FROM PULPCULTURE, 2 FEBRUARY 2004
I’d like to tell you all about a little boy I know who was born three days before my baby (back last August).
His name is Alexander. My wife nicknamed him Lockey (after his surname and it has stuck amongst his friends and family) He is very cute and is aged 6 months now. Over Christmas he developed a cold and couldn’t seem to get rid of it. After 3 weeks in hospital he got sent to Great Ormond Street Hospital. Great Ormond Street Hospital diagnosed that Lockey has no immune system (Severe Combined Immuno deficiency). This means the cold he caught, he cannot fight and get rid of. To this day he still has it. He is on oxygen feeds and a drip to try to increase his body weight. My daughter is about 25 lbs. Lockey is still only 12 lbs. Lockeys parents have some decisions ahead of them. I ask you to read two emails from his parents Carol and Colin…………
Well, we now know there are 5 potential donors (1 in the UK and 4 abroad) who are being contacted to come in for more tests. The consultant seemed disappointed by this as he hoped for around 10- 20 "broad matches".
Alexander needs some luck now as these 5 donors are only pre-matched against 6 of the 10 tissue markers required. They still need to match up against the other 4 tissue markers. With this in mind Carol and I are due for more tests this week to work out who will be more suitable as a donor should they use one of us. I can tell them this already but they insist on testing! My worry for Alexander is the severity of the chemotherapy required if Carol or I eventually donate bone marrow to him. Also, the initial recovery time in hospital goes up from approximately 6 weeks (for an unrelated donor match) to possibly 9 months. I don't want to think about this at the moment...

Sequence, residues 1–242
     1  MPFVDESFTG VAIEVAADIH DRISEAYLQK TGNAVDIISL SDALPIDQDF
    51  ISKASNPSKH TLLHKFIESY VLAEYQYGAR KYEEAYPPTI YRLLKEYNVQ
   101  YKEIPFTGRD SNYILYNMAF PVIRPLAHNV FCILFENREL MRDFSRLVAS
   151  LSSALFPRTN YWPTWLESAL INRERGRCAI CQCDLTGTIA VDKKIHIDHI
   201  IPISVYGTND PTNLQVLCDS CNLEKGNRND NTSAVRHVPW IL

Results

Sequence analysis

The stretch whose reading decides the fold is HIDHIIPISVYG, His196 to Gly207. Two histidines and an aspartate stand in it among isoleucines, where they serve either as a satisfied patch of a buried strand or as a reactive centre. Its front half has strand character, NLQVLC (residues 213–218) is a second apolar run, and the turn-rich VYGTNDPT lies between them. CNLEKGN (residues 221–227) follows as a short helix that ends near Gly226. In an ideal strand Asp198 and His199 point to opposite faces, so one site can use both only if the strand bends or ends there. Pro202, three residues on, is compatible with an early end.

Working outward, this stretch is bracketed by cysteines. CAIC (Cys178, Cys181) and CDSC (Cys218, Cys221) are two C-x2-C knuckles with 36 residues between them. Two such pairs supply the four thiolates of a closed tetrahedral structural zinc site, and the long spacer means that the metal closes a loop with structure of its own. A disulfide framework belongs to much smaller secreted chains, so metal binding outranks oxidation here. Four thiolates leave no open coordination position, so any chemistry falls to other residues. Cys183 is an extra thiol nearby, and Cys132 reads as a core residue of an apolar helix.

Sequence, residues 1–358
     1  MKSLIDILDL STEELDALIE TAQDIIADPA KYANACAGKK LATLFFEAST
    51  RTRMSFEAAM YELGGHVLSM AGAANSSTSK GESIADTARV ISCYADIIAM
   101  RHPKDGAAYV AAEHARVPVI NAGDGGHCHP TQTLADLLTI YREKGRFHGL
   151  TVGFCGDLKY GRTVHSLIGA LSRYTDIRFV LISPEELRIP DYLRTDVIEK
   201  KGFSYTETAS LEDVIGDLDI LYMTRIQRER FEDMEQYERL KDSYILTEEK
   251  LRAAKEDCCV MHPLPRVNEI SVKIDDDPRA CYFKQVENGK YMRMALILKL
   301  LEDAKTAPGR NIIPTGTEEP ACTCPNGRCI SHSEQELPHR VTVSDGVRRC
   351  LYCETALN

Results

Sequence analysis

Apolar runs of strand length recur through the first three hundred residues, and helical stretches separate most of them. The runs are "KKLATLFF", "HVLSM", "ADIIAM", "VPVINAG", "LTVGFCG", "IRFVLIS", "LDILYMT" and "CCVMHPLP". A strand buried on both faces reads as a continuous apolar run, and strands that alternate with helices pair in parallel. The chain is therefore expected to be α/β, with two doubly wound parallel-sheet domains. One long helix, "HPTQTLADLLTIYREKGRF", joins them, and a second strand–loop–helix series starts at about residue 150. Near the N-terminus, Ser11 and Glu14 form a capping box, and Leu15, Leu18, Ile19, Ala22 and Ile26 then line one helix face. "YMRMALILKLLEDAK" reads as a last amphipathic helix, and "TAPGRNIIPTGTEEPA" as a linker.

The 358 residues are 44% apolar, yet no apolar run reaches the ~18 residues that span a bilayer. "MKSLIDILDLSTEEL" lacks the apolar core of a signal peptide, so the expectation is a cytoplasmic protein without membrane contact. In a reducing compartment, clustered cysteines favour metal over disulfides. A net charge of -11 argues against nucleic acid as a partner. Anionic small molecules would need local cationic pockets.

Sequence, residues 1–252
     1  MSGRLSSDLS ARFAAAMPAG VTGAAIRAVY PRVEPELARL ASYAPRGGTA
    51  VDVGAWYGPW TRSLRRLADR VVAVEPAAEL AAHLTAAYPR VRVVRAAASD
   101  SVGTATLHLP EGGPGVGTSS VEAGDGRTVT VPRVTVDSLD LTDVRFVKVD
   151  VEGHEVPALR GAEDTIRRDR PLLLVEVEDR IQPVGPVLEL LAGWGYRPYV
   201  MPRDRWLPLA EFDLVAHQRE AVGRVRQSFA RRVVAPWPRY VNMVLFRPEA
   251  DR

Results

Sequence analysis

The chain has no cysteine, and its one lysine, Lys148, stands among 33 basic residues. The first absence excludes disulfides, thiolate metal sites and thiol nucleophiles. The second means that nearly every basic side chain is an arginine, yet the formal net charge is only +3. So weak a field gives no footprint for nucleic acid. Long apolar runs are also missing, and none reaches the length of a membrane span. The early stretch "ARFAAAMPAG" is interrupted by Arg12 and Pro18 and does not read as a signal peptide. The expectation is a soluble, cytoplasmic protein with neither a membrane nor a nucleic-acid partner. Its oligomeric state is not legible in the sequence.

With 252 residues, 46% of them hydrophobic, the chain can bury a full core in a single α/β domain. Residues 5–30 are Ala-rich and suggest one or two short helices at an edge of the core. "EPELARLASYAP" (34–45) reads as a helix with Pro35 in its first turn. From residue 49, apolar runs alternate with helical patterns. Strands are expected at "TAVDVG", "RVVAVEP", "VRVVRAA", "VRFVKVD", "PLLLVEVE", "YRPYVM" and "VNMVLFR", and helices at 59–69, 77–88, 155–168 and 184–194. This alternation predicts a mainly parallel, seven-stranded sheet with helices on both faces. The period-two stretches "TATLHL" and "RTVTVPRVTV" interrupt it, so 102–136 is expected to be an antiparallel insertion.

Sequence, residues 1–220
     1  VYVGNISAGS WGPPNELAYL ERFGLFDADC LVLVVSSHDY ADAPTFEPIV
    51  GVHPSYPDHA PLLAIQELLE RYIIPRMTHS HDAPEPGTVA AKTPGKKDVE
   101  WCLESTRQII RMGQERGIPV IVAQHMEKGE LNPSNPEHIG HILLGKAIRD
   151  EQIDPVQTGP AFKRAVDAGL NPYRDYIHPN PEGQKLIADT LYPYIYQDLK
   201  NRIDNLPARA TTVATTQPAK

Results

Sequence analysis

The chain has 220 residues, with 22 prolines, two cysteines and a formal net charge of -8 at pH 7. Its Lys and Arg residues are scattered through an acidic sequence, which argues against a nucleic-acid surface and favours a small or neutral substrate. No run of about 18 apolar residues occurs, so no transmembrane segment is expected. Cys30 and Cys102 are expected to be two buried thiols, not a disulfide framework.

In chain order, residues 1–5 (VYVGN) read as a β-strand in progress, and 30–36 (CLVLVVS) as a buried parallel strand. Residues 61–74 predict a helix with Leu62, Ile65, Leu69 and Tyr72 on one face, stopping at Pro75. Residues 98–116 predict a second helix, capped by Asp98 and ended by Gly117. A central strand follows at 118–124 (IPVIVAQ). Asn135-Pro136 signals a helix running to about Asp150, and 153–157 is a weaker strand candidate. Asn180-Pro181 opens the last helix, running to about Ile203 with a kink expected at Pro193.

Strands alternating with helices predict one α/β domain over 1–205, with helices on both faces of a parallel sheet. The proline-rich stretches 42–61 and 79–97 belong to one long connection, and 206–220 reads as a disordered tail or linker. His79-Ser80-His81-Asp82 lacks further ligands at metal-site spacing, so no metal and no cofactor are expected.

They have nearly tracked down the genetic defect in Carol which they would hope to correct with Gene Therapy when treating Alexander. So, gene therapy is starting to present itself as an option for Alexander - but this is yet to be confirmed. There are risks and benefits associated with both treatments (transplant or gene therapy) and we need to make a decision based on short, mid and long term risks. We will not be given more information until they know the unrelated donor situation. I understand this, as if we can find a suitable donor that is the best bet for Alexander.
Gene Therapy will mean Alex going in to a research situation - it isn't completely proven treatment yet as it is too new. However, I have found out that if it were unsuccessful he could have a transplant afterwards. But, I think there could be some long term risks we need to weigh up – likelihood of cancer, etc.
I have found out that bone marrow donation could mean (1) taking marrow from the hip under general anaesthetic (apparently painful afterwards) or (2) harvesting it from blood having been injected with hormones to help produce more stem cells. The later requires a set up a bit like a blood transfusion - they have got to be kidding! Either way I'll be unconscious, whether they knock me out or not...
Timewise I feel that he will be starting transplant treatment by